RESULTS FROM A ROUND TABLE DISCUSSION ON SOCIAL COMPETENCES AS PART OF COACHES’ PROFESSIONAL QUALIFICATION
24 June 2016, National Sport Academy ”Vassil Levski”, Sofia
The round table discussion organized on 24 June 2016 by the National Sport Academy, Sofia as part of the MOVE Project of the ERASMUS + Program, was focused on social competences necessary for the high level professional realization of every sport specialist, for personal development, for the application of acquired knowledge in various social environments and for participation in civil activities. The round table discussion was attended by over 30 academics, members of the academic body of the National Sport Academy, representatives of secondary sport schools, sport specialists and members of the political government of sport education.
Discussions were grounded on the presentations of the project team members, which outlined the basic ideas and the framework of the project involving several European countries – Bulgaria, Italy, Poland and Greece. The collected data and the analyses of coaches’ self-evaluation with reference to various social competences were also in the centre of the discussions. The results from the presentations offered a wide scope for debates among the participants in the round table. All participants were united in the opinion that sport is the natural environment for the development of unique qualities and social skills, which are very difficult to gain outside sport – responsibility, team work, observation, intuition, care for the people with whom you work, time management, critical thinking and many others.
The representatives of academic education pointed out that all mentioned social competences are a constant part of the requirements for professional trainers and they have been part of the education curriculum for coaches in our country from the foundation of sport education to the present day. A general opinion was formed that social competences are among the components of the sport specialist’s profile which can be acquired best in the course of working practice. In this relation it was observed that dual education is still not applied in professional sport education, i.e. theoretical education is still not combined with practical work environment. However, including social competences in the normative documents which regulate professional sport qualifications is a positive trend. The National Agency for Professional Education and Training has started the development of standards for professional sport qualifications which represent a synchronized framework of qualification levels with reference to social competences and provide better understanding for educational institutions and employers.
Participants in the discussion shared an opinion that social competences could not be acquired within the process of theoretical education devoted to them. On the one hand, they are gained and developed through life-long education, on the other hand every individual has personal talents – with some people they develop faster, while with others more time is needed to meet their employer’s requirements.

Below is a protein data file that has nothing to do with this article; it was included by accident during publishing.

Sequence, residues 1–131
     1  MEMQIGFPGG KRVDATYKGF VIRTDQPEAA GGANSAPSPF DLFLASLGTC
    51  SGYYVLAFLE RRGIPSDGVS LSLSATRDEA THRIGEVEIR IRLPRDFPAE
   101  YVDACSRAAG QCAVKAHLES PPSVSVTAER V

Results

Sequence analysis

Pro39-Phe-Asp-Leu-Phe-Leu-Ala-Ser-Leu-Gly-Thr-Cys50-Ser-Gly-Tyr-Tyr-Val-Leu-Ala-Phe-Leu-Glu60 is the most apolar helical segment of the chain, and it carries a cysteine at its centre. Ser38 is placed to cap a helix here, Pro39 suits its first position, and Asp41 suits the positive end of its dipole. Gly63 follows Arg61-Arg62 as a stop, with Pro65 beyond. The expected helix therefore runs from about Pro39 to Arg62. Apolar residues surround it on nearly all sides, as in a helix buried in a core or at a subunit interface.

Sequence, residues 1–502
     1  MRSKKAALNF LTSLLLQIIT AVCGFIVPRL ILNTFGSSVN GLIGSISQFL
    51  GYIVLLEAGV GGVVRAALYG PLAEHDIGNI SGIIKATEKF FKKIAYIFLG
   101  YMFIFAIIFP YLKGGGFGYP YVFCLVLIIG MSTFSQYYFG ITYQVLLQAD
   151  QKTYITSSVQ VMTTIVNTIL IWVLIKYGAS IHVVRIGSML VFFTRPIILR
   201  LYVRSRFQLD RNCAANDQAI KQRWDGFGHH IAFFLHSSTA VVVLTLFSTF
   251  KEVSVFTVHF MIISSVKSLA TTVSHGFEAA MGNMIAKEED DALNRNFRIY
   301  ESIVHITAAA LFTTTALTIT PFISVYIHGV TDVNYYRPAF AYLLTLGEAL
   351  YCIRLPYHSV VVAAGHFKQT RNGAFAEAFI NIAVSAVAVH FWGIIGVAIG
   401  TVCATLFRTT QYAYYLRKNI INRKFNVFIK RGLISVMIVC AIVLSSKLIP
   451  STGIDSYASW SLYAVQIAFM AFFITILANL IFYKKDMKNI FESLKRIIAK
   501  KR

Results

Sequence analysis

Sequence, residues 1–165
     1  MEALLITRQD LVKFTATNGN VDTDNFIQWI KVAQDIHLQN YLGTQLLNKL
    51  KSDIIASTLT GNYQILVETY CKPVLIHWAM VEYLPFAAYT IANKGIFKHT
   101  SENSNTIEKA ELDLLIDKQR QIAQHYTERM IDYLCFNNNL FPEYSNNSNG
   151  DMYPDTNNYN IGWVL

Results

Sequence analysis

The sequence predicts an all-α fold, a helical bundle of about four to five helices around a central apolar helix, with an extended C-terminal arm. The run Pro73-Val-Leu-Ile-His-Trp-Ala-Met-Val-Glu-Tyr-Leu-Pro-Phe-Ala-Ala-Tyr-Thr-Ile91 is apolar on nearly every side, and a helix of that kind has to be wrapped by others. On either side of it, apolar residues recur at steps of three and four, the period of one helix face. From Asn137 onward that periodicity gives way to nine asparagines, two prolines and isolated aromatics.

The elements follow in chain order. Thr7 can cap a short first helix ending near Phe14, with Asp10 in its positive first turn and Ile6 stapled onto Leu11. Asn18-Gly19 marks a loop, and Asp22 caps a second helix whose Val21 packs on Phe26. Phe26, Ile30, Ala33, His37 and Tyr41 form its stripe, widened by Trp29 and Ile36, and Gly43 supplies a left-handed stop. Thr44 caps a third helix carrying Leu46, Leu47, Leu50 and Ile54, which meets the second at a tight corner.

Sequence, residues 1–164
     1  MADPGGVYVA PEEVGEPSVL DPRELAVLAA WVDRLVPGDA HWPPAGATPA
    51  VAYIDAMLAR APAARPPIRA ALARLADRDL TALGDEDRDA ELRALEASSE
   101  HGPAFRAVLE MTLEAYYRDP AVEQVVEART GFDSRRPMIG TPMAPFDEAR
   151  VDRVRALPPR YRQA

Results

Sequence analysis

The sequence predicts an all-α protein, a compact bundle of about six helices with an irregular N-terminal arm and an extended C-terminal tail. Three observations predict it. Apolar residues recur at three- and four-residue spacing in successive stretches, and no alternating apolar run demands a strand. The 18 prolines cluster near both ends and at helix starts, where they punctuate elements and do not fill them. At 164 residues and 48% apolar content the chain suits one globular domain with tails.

It was stated that there are completely new competences which have to be included in the lists of sport competences – media competences (as part of communicative competences, but with a specific stress on sport), sociological competences (reflecting the ability of self-evaluation and identification of the right place a person takes in society), and etc.
A major weakness of our education system was also mentioned, i.e. no matter the many years of reforms, the basic education model involves teaching education units which are to be simply reproduced by students. This model gives very little space for the development of individual skills and competences by means of informal and interactive means and methods. The only way of acquiring social competences in this method of education is through the personality of the coach, the teacher, or of good athletes who could be an example for the students. From their practical experience as coaches and lecturers, many participants supported the opinion that social competences are easy to describe and theorize on, but when it comes to creating them in reality, there are not many coaches who could do that easily and successfully with their students.
The round table participants also shared experience and useful practices from their professional fields. One of the participants presented a very successful initiative for introducing the game of chess in kindergartens, pre-school and primary school education, specifying that the aim of these sessions was not to make chess champions in early age, but to develop skills, such as critical thinking, evaluation of a situation, independence, discipline, communication between players, communication skills, which is the most important aim in the development of a child’s personality. Unfortunately, not every parent can realize the importance of total personal development of the child – many parents are interested in the immediate success of their children which would distinguish them from their peers, making them the winners in one sport or another. That is why, as the members of some sport clubs related, it is very useful to work both with the children and their parents.
In conclusion, the round table participants stated the necessity of developing instruments for the adequate measurement of competences reached, especially in the field of sport education, as well as, the development of appropriate criteria and requirements at the entrance and at the exit of each education level, as a challenge for all sport specialists.